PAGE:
In recent years, there has been an increase in the production of high-quality sparkling wines in Great Britain, which encompasses both England and Wales. The success of British wines has been attributed to its terroir and cold environment. Here is a description of British wine.
Wine from England
The chalk limestone soils of Sussex, Kent, and other portions of southern England are suitable for growing the grapes used to produce sparkling wine, and particularly on south-facing slopes, the climate, at least in recent years, is warm enough. At the last official count, the Wine Standards Board reported that there were just over 450 vineyards producing wine throughout England.
- English wine is registered as a Protected Designation of Origin (PDO) in the EU and the UK. The term may only be used for wine produced in the conformation of the standards and using grapes grown in England at a maximum altitude of 220 m above sea level.
- English regional wine is registered as a Protected Geographical Indication (PGI) in the EU and the UK. The designation is limited to wine produced from grapes grown in England, although production does not have to be within a certain area. The product must conform to restrictions regarding alcohol content, acidification, and sweetening.
- Sussex is registered as a Protected Designation of Origin in the UK. It is limited to wine produced from grapes grown in East and West Sussex. The wine should consist mainly of Chardonnay, Pinot Noir, and Pinot Meunier grapes, normally produced at 12 tonnes per hectare (with a maximum of 14 tonnes per hectare). The wine is available as a still wine and a sparkling wine.
The most northerly commercially producing vineyard is in Leeds, Yorkshire.
“English wine” is also a common generic term used in India meaning “Western spirits”.
Wine from Wales
Welsh vineyards were first planted by Romans, and in the 1970s, modern vineyards were planted in South Wales to create Welsh wine. Despite a slow start, by 2005 Wales had 20 vineyards, producing 100,000 bottles a year, primarily white wines, but also a few reds. According to the Wine Standards Board, by September 2015, there were 22 operational vineyards in Wales.
- Welsh wine is registered as a Protected Designation of Origin (PDO) in the EU and the UK. It is to wine produced in Wales from grapes grown in the designated area, using prescribed methods. Products must use grapes from vines growing at a height below 220 meters above sea level. The product may be vinified outside of the designated area provided it is contiguous to Wales and prior authorization has been granted from the Food Standards Agency. The product must conform to restrictions regarding alcohol content, acidification, and sweetening.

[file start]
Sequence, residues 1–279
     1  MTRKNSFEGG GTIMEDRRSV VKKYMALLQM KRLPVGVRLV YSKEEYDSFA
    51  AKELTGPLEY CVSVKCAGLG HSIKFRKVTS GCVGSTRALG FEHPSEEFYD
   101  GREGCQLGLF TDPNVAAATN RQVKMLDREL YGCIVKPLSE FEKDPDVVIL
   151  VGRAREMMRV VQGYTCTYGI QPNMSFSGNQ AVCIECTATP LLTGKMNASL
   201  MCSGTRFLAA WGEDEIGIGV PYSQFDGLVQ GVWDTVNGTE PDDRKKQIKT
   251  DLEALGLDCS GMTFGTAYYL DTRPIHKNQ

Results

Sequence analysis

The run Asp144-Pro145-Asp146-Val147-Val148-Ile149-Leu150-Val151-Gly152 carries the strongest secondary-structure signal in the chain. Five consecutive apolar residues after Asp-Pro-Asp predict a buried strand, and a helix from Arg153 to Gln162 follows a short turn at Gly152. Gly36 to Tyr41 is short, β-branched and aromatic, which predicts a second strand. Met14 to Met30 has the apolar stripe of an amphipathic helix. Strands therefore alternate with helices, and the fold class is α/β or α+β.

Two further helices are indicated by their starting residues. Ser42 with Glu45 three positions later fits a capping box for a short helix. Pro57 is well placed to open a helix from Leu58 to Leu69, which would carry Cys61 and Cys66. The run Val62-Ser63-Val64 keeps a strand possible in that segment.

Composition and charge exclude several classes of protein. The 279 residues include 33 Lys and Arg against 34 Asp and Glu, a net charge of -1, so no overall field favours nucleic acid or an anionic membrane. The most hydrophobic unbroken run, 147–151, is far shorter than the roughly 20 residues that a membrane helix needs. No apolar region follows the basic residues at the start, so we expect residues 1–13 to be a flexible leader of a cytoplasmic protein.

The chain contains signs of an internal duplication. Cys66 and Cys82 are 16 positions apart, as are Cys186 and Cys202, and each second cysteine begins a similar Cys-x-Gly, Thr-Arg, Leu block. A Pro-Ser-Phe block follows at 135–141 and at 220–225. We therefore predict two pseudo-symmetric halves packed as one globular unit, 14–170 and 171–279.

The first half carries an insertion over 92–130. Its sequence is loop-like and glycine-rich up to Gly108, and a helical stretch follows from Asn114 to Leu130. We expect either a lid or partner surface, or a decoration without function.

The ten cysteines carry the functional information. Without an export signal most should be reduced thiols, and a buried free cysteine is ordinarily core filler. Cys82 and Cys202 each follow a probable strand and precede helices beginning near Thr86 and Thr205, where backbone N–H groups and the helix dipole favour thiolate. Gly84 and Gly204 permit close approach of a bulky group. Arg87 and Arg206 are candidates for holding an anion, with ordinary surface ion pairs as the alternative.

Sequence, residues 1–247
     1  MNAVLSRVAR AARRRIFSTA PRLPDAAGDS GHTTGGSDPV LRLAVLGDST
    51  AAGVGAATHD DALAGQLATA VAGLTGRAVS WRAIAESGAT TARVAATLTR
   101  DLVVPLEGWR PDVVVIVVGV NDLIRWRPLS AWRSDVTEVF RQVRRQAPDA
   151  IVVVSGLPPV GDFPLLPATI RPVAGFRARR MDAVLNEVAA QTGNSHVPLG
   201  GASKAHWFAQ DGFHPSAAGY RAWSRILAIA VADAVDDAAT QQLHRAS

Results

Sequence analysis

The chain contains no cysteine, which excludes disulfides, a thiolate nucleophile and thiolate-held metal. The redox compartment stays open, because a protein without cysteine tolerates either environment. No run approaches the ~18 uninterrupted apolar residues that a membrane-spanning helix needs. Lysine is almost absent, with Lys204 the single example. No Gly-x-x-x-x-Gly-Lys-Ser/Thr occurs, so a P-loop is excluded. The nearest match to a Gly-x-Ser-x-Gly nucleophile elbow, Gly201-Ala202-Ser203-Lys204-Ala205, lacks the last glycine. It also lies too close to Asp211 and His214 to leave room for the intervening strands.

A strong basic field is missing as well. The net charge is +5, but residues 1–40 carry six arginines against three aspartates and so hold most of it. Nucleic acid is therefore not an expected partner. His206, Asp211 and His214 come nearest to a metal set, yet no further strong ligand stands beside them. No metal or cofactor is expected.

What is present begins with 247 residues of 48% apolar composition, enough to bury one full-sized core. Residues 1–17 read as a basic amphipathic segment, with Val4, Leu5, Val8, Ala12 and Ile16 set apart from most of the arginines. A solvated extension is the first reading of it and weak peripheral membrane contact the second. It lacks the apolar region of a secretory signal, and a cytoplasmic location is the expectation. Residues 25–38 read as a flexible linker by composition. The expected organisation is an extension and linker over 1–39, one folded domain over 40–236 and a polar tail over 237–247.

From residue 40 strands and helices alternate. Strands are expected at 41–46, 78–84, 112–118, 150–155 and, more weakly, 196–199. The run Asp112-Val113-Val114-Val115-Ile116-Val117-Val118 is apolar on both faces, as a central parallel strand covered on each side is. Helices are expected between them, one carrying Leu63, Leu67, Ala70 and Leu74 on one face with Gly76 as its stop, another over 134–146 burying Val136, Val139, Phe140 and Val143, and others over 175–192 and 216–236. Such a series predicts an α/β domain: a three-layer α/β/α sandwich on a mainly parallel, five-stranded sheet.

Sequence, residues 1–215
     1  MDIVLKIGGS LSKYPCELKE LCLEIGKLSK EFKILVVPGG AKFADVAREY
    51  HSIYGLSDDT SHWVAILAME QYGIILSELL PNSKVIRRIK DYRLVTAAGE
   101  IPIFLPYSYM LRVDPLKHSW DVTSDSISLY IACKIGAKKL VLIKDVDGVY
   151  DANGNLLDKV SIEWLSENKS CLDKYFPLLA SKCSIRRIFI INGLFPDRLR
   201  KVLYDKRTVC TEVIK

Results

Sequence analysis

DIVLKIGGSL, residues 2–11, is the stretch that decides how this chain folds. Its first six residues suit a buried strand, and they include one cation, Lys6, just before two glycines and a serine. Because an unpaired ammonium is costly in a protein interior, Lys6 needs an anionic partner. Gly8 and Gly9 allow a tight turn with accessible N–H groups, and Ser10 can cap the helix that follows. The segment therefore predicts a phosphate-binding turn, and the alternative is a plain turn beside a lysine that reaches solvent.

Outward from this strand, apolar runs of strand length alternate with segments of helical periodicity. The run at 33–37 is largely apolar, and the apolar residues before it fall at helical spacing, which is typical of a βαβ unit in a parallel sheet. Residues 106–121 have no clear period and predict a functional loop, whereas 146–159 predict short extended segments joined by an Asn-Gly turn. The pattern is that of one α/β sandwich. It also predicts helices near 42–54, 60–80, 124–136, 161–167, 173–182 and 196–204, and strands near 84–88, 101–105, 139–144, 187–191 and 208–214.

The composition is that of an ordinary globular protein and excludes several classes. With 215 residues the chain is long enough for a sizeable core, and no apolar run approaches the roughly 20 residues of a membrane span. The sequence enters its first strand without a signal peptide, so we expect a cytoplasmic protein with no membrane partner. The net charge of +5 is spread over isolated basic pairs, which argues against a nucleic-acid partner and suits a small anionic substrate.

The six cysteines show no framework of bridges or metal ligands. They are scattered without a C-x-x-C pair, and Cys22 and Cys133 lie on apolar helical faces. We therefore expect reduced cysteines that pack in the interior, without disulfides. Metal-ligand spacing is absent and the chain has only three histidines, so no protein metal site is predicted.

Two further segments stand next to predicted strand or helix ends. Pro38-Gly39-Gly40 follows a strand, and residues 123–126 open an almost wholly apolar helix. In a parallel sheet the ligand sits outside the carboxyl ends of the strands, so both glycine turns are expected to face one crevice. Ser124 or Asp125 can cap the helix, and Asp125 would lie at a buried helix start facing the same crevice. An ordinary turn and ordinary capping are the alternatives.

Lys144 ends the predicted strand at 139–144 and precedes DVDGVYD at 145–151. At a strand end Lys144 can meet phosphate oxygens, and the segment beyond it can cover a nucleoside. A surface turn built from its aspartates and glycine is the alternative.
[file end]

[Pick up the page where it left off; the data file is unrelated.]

- Welsh regional wine is registered as a Protected Geographical Indication (PGI) in the EU and the UK. The designation is limited to wine produced from grapes grown in Wales, although production does not have to be within a certain area. The product must conform to restrictions regarding alcohol content, acidification, and sweetening.
In 2015 Scotland’s first home-grown wine was produced by Christopher Trotter, in Fife at a vineyard he started in 2012. One merchant described it as sherry-like with “nutty” notes, and thought that it might complement a “very strong cheese”. After four successive very difficult wet seasons, he abandoned and uprooted the vineyard in 2018.
The term British wine is used to describe a drink made in Britain by the fermentation of grape (or any other fruit) juice or concentrate originating from anywhere in the world. It cannot be used for wine in the legal sense, which must be produced from freshly pressed grapes. The most common style is a medium or sweet high-strength wine that is similar to Sherry and was formerly known as British Sherry.
The grapes used for producing British wine:
- Chardonnay, Pinot Noir, and Pinot Meunier: These classic Champagne grape varieties are commonly used for producing English sparkling wines. The blend of these grapes results in wines with elegance, bright acidity, and fine bubbles.
- Traditional Method: Many English sparkling wines are made using the traditional method, where secondary fermentation occurs in the bottle, leading to complex flavors and aromas.
- South East England: Regions such as Sussex, Kent, and Hampshire are known for their exceptional sparkling wines. The soil composition and maritime climate contribute to the grapes’ high acidity and distinctive character.
- Bacchus: This grape variety has become a signature of English still wines. Bacchus wines are aromatic, often with notes of elderflower, citrus, and herbal undertones.
- Pinot Noir and Ortega: These grape varieties are also used to produce still white and rosé wines in England.
- Climate Advantage: The cooler climate of England contributes to wines with refreshing acidity and vibrant fruit flavors.
- Pinot Noir and Pinot Meunier: These red grape varieties are frequently used for producing rosé wines in England. The skins of the grapes are in contact with the juice for a shorter period, resulting in pale and elegant rosé hues.
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